Norma Andrews (U. Maryland) Part 1: Trypanosoma cruzi and Chagas’ Disease
Trypanosoma cruzi and Leishmania are closely related intracellular protozoan parasites that cause serious diseases throughout the world. In the first part of this lecture, I will present background material on the biology of Trypanosoma cruzi and the history of its discovery as an important agent of human disease in Latin America. I will also discuss the main characteristics of the disease, and the current efforts to stop human transmission.
In the second part of this lecture, I will present background material on Leishmania, the intracellular protozoan parasites responsible for severe human pathology in several parts of the world. I will discuss the main disease forms, the history of identification of the causative agent and form of transmission, and recent discoveries that established important concepts in our understanding of this increasingly serious infectious disease.
In the third part of this lecture, I will discuss current work from our laboratory on mechanisms used by the intracellular parasites Trypanosoma cruzi and Leishmania to interact with mammalian cells. In addition to clarifying specific molecular strategies used by these parasites to infect and survive within host cells, these studies also led, in some instances, to unexpected insights on novel pathways regulating mammalian cell function.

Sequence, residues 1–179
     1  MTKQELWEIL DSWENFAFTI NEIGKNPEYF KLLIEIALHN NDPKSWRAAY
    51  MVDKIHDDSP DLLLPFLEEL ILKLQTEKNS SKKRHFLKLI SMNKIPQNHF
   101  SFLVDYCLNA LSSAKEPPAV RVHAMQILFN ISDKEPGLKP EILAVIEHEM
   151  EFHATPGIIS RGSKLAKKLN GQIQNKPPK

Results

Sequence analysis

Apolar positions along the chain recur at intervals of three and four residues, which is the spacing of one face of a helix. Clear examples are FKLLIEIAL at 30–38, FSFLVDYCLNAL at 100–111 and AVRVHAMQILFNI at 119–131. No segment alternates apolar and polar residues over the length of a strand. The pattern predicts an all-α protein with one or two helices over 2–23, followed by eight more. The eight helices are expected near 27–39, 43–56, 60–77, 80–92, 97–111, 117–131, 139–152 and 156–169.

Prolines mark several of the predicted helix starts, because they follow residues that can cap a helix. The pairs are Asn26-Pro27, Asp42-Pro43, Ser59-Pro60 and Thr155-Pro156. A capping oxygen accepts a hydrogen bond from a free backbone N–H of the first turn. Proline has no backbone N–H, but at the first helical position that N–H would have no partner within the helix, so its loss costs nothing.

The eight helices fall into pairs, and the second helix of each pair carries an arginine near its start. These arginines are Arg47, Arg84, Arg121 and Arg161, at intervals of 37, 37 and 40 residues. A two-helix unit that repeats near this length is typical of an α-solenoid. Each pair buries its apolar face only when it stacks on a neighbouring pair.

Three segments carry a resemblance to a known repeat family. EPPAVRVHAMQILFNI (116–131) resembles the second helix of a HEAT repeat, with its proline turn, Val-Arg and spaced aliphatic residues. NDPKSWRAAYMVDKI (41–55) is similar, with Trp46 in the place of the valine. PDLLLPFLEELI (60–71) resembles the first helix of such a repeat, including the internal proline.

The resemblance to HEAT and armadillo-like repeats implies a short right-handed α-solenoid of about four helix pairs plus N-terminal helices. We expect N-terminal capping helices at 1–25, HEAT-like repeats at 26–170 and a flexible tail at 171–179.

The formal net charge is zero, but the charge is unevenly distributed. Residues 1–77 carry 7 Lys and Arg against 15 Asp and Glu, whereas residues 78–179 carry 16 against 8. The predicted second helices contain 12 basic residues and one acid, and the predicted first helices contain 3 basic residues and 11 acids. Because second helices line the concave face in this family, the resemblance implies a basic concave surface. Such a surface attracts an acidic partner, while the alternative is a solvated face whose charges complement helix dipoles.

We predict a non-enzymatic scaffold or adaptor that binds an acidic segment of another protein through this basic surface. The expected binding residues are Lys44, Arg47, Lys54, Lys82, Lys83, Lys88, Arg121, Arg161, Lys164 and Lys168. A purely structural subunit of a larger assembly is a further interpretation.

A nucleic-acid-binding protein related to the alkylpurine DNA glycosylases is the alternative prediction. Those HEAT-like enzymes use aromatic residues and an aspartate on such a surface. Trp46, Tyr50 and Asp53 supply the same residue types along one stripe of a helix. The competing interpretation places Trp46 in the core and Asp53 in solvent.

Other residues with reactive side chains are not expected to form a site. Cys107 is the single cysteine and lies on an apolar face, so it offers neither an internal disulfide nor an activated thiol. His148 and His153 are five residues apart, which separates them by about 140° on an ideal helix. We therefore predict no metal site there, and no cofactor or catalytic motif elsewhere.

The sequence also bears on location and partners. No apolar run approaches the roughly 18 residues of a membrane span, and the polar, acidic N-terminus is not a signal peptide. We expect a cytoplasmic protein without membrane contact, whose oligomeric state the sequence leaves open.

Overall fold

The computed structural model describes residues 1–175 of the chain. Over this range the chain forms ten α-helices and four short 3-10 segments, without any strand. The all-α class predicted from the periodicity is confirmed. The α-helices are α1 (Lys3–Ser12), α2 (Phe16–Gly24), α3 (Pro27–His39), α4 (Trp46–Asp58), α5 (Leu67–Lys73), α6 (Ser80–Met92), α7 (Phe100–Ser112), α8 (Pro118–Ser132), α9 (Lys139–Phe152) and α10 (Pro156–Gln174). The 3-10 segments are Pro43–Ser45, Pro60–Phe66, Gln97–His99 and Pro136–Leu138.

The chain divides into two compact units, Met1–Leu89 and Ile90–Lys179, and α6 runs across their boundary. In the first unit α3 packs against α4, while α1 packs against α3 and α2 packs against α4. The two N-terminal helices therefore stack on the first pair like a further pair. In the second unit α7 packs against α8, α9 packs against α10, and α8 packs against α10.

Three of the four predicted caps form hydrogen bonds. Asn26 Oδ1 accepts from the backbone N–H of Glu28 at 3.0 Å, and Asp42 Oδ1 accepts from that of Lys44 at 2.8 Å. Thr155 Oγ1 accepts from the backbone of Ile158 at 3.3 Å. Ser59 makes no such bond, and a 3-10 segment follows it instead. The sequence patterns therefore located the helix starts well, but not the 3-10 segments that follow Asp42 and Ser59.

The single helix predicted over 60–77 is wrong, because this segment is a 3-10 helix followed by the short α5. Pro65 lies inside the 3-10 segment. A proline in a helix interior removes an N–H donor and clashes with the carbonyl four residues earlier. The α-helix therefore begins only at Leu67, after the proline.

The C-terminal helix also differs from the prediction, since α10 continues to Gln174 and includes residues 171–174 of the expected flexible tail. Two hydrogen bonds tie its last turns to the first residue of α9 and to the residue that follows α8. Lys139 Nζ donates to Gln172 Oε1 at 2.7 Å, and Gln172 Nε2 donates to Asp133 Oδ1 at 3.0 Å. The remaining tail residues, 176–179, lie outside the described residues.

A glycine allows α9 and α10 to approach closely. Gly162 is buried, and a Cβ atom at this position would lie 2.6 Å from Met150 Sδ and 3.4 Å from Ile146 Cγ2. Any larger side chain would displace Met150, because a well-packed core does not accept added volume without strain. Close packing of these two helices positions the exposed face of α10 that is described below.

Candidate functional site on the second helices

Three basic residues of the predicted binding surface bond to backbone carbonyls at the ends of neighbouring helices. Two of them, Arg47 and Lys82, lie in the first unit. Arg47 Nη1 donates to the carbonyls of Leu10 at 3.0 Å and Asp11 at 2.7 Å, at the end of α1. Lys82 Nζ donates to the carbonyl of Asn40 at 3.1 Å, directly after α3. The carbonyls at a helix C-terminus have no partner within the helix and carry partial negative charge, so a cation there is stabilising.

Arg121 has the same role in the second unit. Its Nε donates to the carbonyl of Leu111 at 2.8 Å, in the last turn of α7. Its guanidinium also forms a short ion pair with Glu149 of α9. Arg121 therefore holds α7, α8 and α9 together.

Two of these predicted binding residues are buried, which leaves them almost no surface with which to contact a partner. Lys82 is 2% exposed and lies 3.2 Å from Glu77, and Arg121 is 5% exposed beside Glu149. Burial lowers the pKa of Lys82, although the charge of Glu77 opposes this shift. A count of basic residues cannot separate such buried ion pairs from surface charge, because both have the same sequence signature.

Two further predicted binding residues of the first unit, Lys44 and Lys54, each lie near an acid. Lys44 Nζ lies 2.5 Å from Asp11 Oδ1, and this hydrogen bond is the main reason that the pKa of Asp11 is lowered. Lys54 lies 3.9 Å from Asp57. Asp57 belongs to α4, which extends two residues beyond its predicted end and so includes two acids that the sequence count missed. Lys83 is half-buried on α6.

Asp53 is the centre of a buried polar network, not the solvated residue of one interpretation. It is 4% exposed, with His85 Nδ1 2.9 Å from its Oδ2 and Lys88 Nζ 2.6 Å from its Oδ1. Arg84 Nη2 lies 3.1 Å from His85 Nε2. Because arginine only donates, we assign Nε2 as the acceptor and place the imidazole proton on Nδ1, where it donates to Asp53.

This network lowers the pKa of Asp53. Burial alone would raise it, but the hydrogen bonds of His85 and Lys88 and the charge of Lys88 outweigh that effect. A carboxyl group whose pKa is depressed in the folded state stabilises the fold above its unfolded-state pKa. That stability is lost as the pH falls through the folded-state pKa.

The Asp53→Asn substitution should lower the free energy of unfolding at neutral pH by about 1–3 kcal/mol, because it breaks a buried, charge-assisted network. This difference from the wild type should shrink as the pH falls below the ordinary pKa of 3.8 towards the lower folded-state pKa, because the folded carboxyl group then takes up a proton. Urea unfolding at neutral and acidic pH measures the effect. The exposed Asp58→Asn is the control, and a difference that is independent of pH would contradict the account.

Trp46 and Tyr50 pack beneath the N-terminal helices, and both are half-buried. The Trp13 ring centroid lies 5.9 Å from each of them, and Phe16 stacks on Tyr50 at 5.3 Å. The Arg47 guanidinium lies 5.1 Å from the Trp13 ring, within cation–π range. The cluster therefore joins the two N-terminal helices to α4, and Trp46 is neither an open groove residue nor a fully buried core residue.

Norma Andrews is currently a Professor and Chair of the Department of Cell Biology and Molecular Genetics at the University of Maryland. She received a B.S. degree in biology (1977) and a Ph.D. degree in biochemistry (1983) from the University of S?o Paulo, Brazil.
In 1990, after completing postdoctoral studies in the laboratory of Victor Nussenzweig at New York University, she was appointed Assistant Professor at Yale University where she remained until 2010.
Andrews was a Burroughs Wellcome New Investigator, a Burroughs Wellcome Molecular Parasitology Scholar and recipient of a NIH MERIT Award. Her laboratory has made numerous contributions to the cell biology of host-pathogen interactions, and discoveries in this area have led to the identification and functional characterization of a novel pathway of Ca2+-regulated lysosomal exocytosis in mammalian cells.